The layout is neat and speedy, and it doesn’t take long for apps to open or switch over. The programme guide is similarly uncomplicated, and browsing through telly options is quick and easy.
Marvel at the contrasts
Play The Martian and the Sony KD65ZD9BU dazzles with its 4K Blu-ray picture. The ‘Martian’ landscape looks vast and brutal. You can discern every grain of sand, while aluminium foil and glass sparkle. The grubbiness of Matt Damon’s space-suit, the lines on his face – the Sony is detailed enough to convey these varying textures, and more.
Blu-rays of Marvel films pop with colour. The 65ZD9 has a slightly rich palette, but in an appealing way. It sits between the subtle, crisp Samsung UE65KS9000 and the lush hues of the LG OLED65E6V, but the overall balance looks natural enough.
Streaming in 4K may not be as defined as a 4K disc, but the quality is a step up from Full HD. The Man In The High Castle has a gloomy, grey-filtered palette and the 65ZD9 is talented enough to distinguish edges of objects and characters in the shadowy corners. The opening titles are enough to show how well the Sony can display sharp, bright whites alongside deep blacks, although it takes some adjusting in the picture settings to get this strong contrast.
Devil’s in the detail
Sony’s closest LCD rival is the Samsung UE65KS9000, which offers a slightly different colour balance. Its skin tones are a touch reddish, while the Sony’s veers towards pale yellow. However, it’s their black depth and shadow detail that set the two apart.
While the Samsung doesn’t go as pitch black as the LG OLED65E6V, it still manages to convey intensity and layers of depth. The Sony, as dark as it goes, doesn’t quite suggest that same impression of depth and detail. Space scenes are best at showing this: you can see the wispy gas clouds surrounding the Milky Way on the Samsung, but not so much on the Sony. You can see more stars shining on the Samsung, too.
Even if you brighten the image, the 65ZD9 isn’t quite capable of revealing the subtle details in shadows or edges of objects. Dark hair looks uniformly black on the 65ZD9, but the Samsung can pick out strands of brown when a light shines on characters. Faces look more three dimensional on the Samsung with the extra nuance around the edges, too.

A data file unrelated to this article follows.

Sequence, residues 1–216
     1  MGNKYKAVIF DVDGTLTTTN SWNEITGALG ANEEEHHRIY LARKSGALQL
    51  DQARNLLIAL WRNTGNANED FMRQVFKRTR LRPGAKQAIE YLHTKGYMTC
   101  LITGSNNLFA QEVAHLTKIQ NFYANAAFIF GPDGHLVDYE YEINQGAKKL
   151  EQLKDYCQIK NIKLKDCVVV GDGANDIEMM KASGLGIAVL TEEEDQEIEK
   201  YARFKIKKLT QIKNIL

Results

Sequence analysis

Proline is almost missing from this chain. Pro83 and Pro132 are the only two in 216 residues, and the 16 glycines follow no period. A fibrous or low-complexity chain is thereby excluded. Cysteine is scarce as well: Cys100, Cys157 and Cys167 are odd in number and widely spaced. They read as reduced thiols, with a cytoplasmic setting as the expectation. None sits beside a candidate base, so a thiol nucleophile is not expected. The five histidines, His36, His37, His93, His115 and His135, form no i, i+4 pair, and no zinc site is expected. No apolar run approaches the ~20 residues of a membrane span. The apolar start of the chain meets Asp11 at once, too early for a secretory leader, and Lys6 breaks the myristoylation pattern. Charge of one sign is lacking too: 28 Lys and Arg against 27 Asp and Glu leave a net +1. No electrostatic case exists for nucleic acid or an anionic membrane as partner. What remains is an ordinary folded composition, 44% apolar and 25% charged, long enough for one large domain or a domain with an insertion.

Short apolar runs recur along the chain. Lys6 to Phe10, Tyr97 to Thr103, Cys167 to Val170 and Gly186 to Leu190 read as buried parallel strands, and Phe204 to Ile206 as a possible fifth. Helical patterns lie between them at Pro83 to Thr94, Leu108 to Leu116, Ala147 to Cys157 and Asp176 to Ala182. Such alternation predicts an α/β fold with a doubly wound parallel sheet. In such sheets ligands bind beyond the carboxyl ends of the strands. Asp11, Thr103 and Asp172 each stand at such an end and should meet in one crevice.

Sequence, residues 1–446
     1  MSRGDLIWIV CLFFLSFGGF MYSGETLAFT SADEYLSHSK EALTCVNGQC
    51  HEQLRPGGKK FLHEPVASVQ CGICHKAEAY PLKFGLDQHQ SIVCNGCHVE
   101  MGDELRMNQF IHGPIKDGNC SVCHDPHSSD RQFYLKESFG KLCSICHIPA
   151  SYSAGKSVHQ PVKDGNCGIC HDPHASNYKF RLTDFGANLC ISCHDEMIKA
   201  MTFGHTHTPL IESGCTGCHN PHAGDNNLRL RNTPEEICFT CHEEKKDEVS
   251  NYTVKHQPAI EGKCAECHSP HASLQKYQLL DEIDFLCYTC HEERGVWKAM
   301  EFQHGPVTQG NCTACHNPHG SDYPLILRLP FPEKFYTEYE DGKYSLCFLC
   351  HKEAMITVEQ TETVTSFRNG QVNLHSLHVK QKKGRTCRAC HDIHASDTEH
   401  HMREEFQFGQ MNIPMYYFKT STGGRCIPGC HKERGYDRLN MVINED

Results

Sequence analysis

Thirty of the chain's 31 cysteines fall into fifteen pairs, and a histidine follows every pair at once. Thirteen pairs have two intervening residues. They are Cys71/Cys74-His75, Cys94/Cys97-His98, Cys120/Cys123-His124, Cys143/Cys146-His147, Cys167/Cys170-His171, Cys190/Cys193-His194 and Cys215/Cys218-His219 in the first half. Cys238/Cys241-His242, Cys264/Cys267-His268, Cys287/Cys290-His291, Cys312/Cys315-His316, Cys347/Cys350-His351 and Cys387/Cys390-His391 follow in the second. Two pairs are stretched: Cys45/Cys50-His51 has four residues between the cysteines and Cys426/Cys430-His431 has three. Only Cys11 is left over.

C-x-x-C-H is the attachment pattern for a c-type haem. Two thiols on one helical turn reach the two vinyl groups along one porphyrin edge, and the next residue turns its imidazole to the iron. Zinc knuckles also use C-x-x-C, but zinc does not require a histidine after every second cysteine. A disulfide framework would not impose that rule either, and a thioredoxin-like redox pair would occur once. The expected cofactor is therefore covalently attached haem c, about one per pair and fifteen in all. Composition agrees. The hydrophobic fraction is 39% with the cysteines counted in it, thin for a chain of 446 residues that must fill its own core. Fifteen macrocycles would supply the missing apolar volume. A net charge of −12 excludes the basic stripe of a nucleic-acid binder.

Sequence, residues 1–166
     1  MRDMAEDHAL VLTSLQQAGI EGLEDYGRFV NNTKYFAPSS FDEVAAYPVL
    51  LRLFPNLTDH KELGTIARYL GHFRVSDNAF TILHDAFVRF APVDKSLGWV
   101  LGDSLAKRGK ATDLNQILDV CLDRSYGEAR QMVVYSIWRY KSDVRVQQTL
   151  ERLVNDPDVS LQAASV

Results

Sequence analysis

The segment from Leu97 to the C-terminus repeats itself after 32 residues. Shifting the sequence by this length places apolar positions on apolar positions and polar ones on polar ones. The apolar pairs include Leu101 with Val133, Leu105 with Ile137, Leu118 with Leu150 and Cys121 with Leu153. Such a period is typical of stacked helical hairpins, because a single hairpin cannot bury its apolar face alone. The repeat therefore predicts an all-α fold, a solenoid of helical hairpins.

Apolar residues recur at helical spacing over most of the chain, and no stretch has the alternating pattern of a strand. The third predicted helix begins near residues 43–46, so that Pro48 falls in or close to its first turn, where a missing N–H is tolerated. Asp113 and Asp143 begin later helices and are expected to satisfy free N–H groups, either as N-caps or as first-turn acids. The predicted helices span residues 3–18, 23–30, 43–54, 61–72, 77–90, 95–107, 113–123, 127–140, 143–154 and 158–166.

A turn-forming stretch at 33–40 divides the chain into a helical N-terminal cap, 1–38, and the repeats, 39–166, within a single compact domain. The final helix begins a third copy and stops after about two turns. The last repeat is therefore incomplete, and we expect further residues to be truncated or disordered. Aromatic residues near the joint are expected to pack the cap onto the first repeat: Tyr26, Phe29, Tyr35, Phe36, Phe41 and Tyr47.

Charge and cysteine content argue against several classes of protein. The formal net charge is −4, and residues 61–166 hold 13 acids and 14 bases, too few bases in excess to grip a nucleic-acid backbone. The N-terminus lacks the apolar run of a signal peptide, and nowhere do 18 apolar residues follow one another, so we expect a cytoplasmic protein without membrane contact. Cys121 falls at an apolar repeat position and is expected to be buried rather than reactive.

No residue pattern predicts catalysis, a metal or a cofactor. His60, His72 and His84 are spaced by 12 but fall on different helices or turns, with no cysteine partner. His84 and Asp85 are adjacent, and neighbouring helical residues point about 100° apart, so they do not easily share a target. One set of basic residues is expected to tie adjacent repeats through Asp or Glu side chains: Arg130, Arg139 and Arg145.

Thin sound needs a boost
The 65ZD9 is a fine upscaler, though, with standard- and high-definition Freeview channels comfortable to watch. There are the inevitable fuzzy edges and drop in detail, but bump up the noise reduction settings to smooth over those old Macgyver episodes and it looks fine.
Sony hasn’t done anything exciting on the sound front, assuming correctly that owners will want to pair their expensive TV with an appropriately capable soundbar. We agree: the TV’S thin sound will definitely need a boost from the likes of the excellent Dali Kubik One (£800) soundbar.
It may sound as though we’re nitpicking over the finer subtleties of the Sony’s picture, but when you’re paying £4000 for the best TV, you’ll be aiming for perfection. There’s no escaping the fact the Samsung 65KS9000 offers a better picture at a lower price.
Still, there’s plenty to like about the Sony KD-65ZD9BU. It’s a lovely set, the world’s best video apps are at your disposable and the picture is still a knockout when you’re watching 4K films and shows.
It looks a little old-school, but the Sony’s remote control is responsive and intuitive
The subtle, matt-gold accent on the bezel and stand add to this TV’S sense of class
The 65ZD9 defies its position as the baby in Sony’s premium range